Articles by Prakriti Tandon
Within the first five minutes of walking into graphic designer Stefan Sagmeister’s exhibit, “The Happy Show,” at the Institute of Contemporary Art in Philadelphia, I found myself being instructed to drop a quarter into a machine whose destination seemed to be smack in the middle of the sidewalk outside (and conferred no immediate gratification to do so: no gumball, no decoder ring, no stuffed toy to reward the action). On blind faith and curiosity, I did so.
My mother was the victim of an armed robbery. Revisiting this trauma reminds her (in her words) “to hold them in the light.” How is my mother able not just to allay her anger and to practice forgiveness, but actually to desire the elevation of her aggressors?
As I pondered the topic for this article, I intended to focus on the purely euphoric experience of surfing, and the myriad ways in which it fulfilled a Positive Psychology purpose for me: flow, positive affect, flourishing through physical activity, and more. Just as positive psychology seeks not to reject the notion that life has its dark spaces, but to place more emphasis on the light spaces, I would not be telling the full story if I didn’t divulge an intense craving for what I felt out there on the water, and the truth of how I was contemplating very seriously moving to Hawaii and living out my days in a bikini.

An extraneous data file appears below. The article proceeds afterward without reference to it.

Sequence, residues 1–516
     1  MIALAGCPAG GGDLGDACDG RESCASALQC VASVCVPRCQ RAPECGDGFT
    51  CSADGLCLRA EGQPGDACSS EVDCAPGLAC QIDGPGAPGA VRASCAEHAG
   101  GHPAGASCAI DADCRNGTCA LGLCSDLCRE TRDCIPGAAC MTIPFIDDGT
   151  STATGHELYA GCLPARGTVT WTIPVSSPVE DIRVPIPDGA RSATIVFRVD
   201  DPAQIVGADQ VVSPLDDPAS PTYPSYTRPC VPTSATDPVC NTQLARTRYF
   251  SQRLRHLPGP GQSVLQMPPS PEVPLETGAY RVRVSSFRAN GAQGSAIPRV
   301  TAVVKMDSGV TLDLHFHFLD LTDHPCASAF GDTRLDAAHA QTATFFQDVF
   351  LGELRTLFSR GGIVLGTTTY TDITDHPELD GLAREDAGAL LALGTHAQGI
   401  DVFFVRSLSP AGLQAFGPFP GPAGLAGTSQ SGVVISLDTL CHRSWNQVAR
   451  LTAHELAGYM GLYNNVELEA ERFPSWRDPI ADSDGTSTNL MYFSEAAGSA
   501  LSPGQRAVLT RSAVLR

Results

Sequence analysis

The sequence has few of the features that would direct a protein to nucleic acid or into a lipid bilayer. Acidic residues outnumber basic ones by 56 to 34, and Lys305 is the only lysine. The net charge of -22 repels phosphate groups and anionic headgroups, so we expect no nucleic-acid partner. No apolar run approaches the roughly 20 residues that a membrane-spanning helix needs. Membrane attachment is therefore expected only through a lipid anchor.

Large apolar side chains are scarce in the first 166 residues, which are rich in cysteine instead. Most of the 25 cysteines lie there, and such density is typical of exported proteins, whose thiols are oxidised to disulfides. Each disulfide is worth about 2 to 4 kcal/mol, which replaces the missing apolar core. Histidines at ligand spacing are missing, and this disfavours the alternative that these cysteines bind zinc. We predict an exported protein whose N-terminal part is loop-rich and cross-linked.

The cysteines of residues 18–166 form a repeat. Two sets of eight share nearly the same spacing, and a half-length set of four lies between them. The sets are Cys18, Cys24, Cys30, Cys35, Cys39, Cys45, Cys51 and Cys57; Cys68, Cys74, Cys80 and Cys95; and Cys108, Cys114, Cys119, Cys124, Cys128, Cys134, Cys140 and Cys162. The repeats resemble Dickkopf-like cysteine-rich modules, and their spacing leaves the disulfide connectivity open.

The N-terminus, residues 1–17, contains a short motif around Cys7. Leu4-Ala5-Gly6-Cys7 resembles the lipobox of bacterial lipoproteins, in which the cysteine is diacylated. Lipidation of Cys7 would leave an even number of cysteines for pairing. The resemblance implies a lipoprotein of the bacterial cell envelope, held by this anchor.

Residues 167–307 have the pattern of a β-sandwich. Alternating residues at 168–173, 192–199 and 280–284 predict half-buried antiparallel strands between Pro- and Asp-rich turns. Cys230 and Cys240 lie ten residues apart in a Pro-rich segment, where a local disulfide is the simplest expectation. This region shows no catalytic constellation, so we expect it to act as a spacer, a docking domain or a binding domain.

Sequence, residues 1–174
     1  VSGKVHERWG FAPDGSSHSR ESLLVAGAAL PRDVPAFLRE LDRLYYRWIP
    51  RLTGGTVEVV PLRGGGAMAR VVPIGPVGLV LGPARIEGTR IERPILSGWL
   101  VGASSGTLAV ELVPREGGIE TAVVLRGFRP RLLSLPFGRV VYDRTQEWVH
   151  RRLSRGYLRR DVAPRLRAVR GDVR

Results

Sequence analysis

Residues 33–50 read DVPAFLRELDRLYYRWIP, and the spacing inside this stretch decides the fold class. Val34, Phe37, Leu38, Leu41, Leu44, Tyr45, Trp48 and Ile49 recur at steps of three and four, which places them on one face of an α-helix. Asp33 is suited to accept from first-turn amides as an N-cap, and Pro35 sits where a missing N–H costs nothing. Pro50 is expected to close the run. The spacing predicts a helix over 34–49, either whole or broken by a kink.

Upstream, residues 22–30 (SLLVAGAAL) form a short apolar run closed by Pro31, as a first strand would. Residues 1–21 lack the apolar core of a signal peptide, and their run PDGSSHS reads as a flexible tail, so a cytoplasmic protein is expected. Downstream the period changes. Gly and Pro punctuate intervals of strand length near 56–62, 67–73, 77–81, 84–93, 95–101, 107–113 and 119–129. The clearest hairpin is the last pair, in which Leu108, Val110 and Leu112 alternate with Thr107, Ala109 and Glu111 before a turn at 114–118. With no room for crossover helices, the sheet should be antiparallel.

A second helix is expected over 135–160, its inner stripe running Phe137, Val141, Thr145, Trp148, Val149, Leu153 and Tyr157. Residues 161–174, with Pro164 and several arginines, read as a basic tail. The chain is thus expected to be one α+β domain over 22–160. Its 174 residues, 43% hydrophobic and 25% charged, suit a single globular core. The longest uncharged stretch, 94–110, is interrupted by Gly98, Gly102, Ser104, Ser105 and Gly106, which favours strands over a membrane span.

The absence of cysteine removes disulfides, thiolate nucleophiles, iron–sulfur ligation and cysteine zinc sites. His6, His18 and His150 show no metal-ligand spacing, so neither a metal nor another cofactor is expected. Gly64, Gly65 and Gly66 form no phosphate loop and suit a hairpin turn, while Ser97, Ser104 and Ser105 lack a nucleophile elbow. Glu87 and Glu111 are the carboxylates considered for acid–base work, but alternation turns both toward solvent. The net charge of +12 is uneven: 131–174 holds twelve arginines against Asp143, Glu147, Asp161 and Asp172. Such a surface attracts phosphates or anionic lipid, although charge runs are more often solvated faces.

Prakriti (“Paki”) Tandon, MAPP ’10, came back to her Alma Mater, the University of Pennsylvania, for her Masters in Applied Positive Psychology after several years in the Media/Television space. Most recently, she was an …